Boxed wine is good for youBoxed wine is good for you

As Black Box Wines states on their website, “The true wine enthusiast is only concerned with one thing…the quality of the wine.” That sounds extremely cheesy, but I have to agree with it. The purpose of this post is to tell anyone who is not sure if it’s okay to drink and serve boxed wine, and I believe this group to be in the majority, that it’s not only okay, but it’s smart, modern, and in the spirit of true wine drinking.

Nathan and I went through at least one ten-liter box of wine in Tarbes, which we bought from a store in a weird part of town that sold wine in huge boxes that were filled from barrels. The proprietor was a connoisseur, but not in a glass-swirling way. She was red-faced and enthusiastic, and she didn’t blink at our accents or our ignorance. We wanted good wine for daily drinking, she could see, putting us in the same category with her regular customers. She sold us something good from the region, which many of our friends rejected at subsequent social gatherings in favor of whatever was being poured from the bottle. If only they knew that we kept crap in bottles, and that what was in the box was better and more expensive.

I drink two to three glasses of red wine every day, and I’m happy to know that it may be good for my heart. It’s not practical to open a 750-milliliter bottle every time I want a glass, and it’s tedious drinking from magnums and then pumping them up every night. You’re always left thinking about whether to finish the bottle, or whether to leave some in for tomorrow. If you have a magnum of table wine open, you feel guilty opening a nice bottle for a special occasion if you haven’t finished the cheap stuff first.

I didn’t expect to find something good enough for regular enjoyment here, but Mom and I served this brand at the Christmas party, and it was surprisingly fine. I’ve since bought the merlot and the cabernet, the latter of which is much better and will probably become my house standard.

Boxed wine is perfect for people who drink regularly, but it is also perfect for the millions of people who only want a glass of wine with dinner but who never buy it because too much ends up going to waste. The box seals itself, and while Black Box only promises four weeks of freshness, I know from experience that boxes hold up much longer than that. Anyway, this is just three liters (the equivalent of four bottles, or about 24 glasses). If you’re also using it for cooking, it will be gone well within its prescribed window.

Astor has Black Box for about $18, and Warehouse Wines & Spirits has it for slightly more. If you’ve tried other brands, don’t be shy about sharing them in the comments.


Do you refrigerate the red wine after opening? It doesn’t seem like it would last 4 weeks if you didn’t?

No, I don’t refrigerate the red, but I keep a box of white in the fridge, mainly for cooking.

and by “cooking” you mean drunken house guests from Pittsburgh?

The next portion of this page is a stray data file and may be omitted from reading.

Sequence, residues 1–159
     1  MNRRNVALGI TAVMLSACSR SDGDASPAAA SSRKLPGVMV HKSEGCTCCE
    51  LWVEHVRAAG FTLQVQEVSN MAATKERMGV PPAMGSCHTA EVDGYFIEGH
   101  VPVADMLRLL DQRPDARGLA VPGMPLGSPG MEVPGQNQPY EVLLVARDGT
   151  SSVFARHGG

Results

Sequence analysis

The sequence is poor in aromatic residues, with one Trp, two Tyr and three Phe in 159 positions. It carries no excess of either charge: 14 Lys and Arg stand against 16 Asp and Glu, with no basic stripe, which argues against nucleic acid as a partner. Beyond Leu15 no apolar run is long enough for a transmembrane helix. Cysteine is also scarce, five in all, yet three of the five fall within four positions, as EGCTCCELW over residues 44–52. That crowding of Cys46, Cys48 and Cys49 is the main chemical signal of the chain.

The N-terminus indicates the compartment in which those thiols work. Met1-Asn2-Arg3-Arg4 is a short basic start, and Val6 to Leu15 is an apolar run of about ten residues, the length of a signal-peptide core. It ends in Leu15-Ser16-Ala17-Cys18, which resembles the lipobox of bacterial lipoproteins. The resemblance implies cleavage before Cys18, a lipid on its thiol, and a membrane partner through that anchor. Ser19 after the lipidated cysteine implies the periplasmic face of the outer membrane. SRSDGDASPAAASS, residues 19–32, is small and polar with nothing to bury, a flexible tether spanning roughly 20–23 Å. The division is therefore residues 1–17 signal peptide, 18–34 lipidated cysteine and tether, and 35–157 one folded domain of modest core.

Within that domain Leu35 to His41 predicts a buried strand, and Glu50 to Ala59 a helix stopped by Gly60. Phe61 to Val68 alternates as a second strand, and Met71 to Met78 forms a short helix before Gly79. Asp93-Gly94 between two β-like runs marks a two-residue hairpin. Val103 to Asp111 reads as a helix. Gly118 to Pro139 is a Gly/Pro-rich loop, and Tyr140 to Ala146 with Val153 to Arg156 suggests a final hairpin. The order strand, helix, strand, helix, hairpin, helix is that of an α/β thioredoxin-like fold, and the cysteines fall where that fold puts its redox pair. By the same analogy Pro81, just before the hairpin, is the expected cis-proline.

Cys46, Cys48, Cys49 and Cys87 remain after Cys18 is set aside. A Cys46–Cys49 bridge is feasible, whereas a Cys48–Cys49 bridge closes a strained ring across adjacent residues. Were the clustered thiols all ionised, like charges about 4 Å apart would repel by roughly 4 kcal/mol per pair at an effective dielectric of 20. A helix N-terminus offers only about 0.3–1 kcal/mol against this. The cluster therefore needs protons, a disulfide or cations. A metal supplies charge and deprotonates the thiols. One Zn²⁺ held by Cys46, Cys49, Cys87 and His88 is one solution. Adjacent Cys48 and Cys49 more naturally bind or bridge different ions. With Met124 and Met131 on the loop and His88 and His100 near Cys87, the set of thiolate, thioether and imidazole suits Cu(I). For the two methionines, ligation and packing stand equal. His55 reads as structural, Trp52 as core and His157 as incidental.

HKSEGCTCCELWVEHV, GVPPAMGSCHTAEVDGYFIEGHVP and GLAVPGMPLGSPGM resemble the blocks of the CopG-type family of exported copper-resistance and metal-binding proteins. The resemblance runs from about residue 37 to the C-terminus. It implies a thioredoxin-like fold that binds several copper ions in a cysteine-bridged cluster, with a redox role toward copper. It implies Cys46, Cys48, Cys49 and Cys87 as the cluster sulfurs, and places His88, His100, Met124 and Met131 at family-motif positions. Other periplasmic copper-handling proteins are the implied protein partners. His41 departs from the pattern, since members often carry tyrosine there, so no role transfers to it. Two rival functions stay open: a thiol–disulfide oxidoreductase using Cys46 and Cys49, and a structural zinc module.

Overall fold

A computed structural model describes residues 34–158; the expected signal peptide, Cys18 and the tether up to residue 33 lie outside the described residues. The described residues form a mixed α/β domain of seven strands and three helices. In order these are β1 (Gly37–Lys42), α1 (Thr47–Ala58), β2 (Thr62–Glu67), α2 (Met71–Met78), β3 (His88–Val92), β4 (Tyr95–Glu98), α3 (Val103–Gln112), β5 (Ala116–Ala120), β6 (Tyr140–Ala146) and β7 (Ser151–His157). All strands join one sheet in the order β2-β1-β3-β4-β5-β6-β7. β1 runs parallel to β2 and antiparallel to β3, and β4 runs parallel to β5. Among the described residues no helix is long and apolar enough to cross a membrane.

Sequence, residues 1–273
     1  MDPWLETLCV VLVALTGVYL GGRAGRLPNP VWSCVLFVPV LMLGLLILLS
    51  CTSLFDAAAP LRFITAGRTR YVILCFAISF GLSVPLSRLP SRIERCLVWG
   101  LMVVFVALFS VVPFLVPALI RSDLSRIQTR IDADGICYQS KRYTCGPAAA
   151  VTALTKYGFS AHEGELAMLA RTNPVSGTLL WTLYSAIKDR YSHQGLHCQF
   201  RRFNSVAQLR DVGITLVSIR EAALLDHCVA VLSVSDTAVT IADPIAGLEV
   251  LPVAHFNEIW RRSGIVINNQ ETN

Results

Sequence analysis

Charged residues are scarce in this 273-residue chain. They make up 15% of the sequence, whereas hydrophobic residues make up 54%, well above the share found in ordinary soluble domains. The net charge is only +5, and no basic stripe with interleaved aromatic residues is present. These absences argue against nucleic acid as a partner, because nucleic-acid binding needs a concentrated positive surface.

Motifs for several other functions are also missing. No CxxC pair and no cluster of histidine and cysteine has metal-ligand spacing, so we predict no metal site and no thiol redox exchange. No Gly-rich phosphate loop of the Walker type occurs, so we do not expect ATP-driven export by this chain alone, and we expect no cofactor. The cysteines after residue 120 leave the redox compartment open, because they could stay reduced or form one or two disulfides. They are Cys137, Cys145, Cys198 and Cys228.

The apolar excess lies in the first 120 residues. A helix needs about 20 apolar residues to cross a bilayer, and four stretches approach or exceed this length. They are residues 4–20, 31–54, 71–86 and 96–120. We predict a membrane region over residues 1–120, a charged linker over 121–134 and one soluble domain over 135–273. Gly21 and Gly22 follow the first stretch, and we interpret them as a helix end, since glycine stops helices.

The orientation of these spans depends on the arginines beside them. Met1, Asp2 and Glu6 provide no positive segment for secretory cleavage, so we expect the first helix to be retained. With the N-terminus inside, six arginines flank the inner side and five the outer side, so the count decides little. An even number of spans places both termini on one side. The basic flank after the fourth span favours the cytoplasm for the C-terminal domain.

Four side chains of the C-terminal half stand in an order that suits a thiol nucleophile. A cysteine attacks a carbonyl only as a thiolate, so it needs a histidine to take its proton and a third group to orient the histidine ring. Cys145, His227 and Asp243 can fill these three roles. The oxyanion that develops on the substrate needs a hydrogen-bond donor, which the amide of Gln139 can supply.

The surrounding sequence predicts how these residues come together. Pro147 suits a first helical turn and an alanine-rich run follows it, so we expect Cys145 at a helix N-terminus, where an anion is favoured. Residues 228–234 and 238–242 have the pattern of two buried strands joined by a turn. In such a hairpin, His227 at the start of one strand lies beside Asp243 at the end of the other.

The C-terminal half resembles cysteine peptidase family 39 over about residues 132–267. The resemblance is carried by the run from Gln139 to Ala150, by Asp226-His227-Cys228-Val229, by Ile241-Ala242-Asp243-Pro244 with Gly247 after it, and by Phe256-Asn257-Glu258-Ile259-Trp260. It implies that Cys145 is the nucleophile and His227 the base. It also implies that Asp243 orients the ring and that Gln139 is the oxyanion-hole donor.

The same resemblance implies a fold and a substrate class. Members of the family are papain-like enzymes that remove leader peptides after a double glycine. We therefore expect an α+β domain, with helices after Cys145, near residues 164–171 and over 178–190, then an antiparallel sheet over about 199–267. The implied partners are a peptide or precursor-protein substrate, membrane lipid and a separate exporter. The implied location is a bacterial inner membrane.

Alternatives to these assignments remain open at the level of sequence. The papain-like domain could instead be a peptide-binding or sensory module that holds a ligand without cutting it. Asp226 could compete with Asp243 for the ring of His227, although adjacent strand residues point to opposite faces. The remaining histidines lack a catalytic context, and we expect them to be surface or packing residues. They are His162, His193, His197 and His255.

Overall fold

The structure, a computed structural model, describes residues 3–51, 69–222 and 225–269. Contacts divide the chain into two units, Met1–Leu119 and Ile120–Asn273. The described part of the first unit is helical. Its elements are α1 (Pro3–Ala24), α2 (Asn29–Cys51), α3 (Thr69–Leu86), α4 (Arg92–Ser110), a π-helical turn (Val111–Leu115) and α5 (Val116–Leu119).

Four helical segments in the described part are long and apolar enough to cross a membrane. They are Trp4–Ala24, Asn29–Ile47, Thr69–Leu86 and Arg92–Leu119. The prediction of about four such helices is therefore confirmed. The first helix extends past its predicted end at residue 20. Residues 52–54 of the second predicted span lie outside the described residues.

So next you worry about how expensive it is to live in Manhattan: Black Box wine at the state store on Highland Ave. $23.99. It’s small, but it’s something.

Different boxed wine labels promise anywhere from 4 to 8 weeks of good drinking after opening, because the bag collapses and air does not enter. Refrigeration can extend it even longer. I recently read that a wine industry consultant in San Fran did his own experiment – kept an open box in the fridge for 5 months, and said he found no deterioration in quality.

I’ve had the Black Box Cab in the past, and I’m looking forward to an unopened box on my shelf right now. Best boxes we have recently enjoyed: Le Faux Frog 2004 Pinot Noir (French) from Toad Hollow was our delightful Christmas dinner wine; Wine Cube 2004 Cabernet Sauvignon (from Target) is surprisingly good; Delicato 2005 Shiraz lived up to it’s reputation (has been a perennial medalist); and Delicato 2005 Pinot Grigio recently stunned my friends, went down very easily (almost too easily).

I know some box wine has merit, as evidenced in particular by a glass of cabernet I had after some serious shopping in Houston before Christmas, but I find it difficult to agree with such a general appreciation of box wine.

The Pennsylvania liquor control board web site claims that the state stores here sell Black Box 3L boxes for $23.99. Perhaps I’ll check that out next time I’m in the store.

I’d be interested in whether you (any of you) have seen box wines from South America. Chilean wine usually has a pretty good bang for the buck, so it wouldn’t surprise me to find it sold in bulk like that.

I’m looking forward to trying Black Box, but shhh… don’t tell anyone. :)

While I admit to having a “general” appreciation of boxed wine, it’s certainly not “universal.” For instance, I hear Trove Cab is supposed to be good, so we tried the Trove Merlot, and it was perfectly vile. Two hours in a decanter didn’t help. Oddly enought, three weeks after opening, my husband and I agreed it had mellowed to just drinkable. Ultimately most of it ended up in spritzers and steak marinade. And I would never expect much good from a 5-L box (although the Almaden Cab is an acceptable cooking wine – varietally correct albeit thin).

What I don’t understand is why everyone is so nervous about boxed wine. It had always made perfect sense to me, I just didn’t want to try what I thought was cheaper wine in a cheaper box. But now with black box I am comfortable knowing that the world has not gone crazy. It almost feels like the aristocrats of wine society are about to face a plebian revolt. Horray box wine.

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